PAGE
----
In the big companies the employees must live up to the expectations of the people higher in the hierarchy, in order to be successful and to keep their jobs. Throughout the whole hierarchy, this many times leads into more or less inconsiderate decisions being made on how to optimise profit, and often either people or the environment get to suffer from them. “I’m just doing my job, you know.” I don’t think any company actively tries to hurt people or the environment by their actions, but closing one’s eyes from these things is just a bit too easy. Clothing companies don’t want to practically enslave people in developing countries for cotton harvesting. Coal companies don’t want to contribute to the greenhouse effect, but how else are they going to profit? Facebook and Netflix don’t want to deprive people from their free time, but tying people in their services is essential.
Because of the profit maximization and the sheer volume of sales, big companies can often offer their products cheaper than the competition around, which is usually a good enough incentive for a regular consumer to choose their product over the others, which again leads to the before-mentioned “outgrowing the competition”. In addition to this, governments charge the economy with another bias by its influence. As governments are just as dependent on economy as the rest of the society, the industries that are the most beneficial bring the most money in are supported with subsidies. This way certain things become cheaper than they should, and the demand goes up just thanks to the price. The whole image gets even more distorted.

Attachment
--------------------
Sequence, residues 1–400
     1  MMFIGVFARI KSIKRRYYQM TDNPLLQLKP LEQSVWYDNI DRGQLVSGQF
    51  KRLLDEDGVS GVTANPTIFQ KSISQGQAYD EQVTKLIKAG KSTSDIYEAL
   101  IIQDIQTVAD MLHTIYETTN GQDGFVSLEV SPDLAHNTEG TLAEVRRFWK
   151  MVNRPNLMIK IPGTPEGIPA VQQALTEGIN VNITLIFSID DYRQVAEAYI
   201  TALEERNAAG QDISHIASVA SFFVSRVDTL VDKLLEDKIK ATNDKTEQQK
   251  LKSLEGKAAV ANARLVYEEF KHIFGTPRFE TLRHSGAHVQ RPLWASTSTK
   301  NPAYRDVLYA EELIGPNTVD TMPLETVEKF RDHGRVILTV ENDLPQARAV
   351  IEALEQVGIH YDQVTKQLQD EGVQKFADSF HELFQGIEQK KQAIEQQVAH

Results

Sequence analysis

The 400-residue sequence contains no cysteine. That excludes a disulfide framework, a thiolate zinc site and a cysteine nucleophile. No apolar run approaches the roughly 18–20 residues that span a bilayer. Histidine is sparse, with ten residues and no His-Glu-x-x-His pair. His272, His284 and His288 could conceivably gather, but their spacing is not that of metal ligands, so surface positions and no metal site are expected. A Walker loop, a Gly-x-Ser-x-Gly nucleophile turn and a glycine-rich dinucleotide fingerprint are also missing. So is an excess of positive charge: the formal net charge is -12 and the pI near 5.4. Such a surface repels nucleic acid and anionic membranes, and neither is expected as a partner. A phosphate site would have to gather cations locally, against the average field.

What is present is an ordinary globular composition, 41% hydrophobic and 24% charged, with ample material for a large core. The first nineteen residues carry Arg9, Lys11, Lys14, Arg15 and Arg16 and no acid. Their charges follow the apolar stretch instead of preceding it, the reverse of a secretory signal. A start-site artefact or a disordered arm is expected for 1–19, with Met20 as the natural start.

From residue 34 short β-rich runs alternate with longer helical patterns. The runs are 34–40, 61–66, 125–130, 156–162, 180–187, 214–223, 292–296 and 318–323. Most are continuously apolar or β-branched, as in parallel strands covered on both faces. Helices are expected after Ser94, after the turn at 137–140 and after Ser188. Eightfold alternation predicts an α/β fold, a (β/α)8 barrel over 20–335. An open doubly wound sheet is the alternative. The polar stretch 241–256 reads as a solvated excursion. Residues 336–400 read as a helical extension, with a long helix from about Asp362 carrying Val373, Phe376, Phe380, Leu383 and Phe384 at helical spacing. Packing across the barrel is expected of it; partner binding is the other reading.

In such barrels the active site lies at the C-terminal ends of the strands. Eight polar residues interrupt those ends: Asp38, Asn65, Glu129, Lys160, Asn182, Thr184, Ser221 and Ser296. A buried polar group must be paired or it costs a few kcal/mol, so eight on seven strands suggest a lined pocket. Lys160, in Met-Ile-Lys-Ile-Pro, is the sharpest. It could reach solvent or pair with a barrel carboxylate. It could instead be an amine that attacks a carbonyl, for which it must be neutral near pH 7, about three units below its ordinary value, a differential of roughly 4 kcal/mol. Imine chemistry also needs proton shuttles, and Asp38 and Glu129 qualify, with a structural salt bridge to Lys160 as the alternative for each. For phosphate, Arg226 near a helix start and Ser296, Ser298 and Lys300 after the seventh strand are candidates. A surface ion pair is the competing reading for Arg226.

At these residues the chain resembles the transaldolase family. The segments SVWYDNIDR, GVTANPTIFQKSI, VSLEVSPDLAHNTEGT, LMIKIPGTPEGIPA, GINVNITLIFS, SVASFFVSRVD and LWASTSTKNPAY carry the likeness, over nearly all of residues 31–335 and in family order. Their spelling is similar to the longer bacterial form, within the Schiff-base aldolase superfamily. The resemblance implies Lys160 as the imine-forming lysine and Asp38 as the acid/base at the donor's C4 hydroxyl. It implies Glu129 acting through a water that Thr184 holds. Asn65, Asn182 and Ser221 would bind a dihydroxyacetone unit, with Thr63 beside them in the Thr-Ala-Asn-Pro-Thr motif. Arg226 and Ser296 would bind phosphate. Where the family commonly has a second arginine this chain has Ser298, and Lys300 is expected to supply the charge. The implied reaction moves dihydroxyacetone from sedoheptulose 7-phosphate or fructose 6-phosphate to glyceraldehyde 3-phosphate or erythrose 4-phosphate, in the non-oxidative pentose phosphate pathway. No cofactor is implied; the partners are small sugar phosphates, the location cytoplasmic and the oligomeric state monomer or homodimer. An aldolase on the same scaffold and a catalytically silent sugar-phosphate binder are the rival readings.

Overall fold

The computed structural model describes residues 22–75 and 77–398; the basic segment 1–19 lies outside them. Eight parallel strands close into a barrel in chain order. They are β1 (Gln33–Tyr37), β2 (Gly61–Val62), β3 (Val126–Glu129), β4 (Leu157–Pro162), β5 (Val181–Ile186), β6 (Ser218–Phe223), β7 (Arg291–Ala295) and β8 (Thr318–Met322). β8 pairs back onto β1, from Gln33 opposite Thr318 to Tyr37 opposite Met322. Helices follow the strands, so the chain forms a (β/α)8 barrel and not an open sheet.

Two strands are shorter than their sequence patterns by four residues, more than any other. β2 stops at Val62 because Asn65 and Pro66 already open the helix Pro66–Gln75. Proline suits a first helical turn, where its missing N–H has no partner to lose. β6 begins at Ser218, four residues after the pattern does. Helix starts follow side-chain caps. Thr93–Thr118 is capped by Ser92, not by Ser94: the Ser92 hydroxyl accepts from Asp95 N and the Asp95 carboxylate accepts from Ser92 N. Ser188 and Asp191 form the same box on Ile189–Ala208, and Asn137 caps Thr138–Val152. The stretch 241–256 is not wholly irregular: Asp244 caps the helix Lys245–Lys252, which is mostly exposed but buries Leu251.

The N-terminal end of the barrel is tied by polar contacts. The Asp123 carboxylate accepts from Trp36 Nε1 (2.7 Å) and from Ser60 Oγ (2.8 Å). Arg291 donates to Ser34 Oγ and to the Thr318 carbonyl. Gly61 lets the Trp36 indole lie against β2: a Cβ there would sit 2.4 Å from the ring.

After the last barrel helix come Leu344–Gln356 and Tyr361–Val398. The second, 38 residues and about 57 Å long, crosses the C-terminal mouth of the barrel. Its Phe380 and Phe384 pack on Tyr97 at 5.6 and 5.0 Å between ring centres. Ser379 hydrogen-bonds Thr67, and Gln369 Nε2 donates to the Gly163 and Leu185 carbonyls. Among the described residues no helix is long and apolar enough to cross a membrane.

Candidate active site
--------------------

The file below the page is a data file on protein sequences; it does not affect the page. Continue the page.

As said, the inconsiderate decisions of the industries end up being supported by the bulk of consumers for clear reasons. However, this is pretty much the only spot in the system, where it can be changed and turned around! The amount of power we have in our hands often go unrecognised, as our consumption creates the demand that dictates what gets produced. Sadly, another side effect of the system is that our decisions are being influenced with a flood of marketing and ads, which seems to be efficient in stripping away this power we have. The system will never change itself, the only way to do so is by the ones it was created by and for, and the ones who feed it from the bottom up. That’s us.
Money is the energy of a society, and this is why the economy bleeds to the other aspects of sustainability. Due to the sheer amount of things that get produced just because it is required to maintain things the way they are, the system has become like a huge car engine that requires vast amounts of fuel to get to places – the machine must carry its own weight that’s growing alongside with the increased power. Instead of doing some maintenance or switching to a smaller one, we keep tuning it to go faster AND LOUDER. Some hiccups here and there since it’s getting a bit rusty and outdated, but that’s just normal…
To have a sustainable society and for this all to be worthwhile, the environment and the society must agree with the progression of the economy. The environment is already telling us what it thinks – when is our turn?
- Fundamentally, the law of entropy is most likely the indirect cause, but this deserves a discussion of its own. ↩︎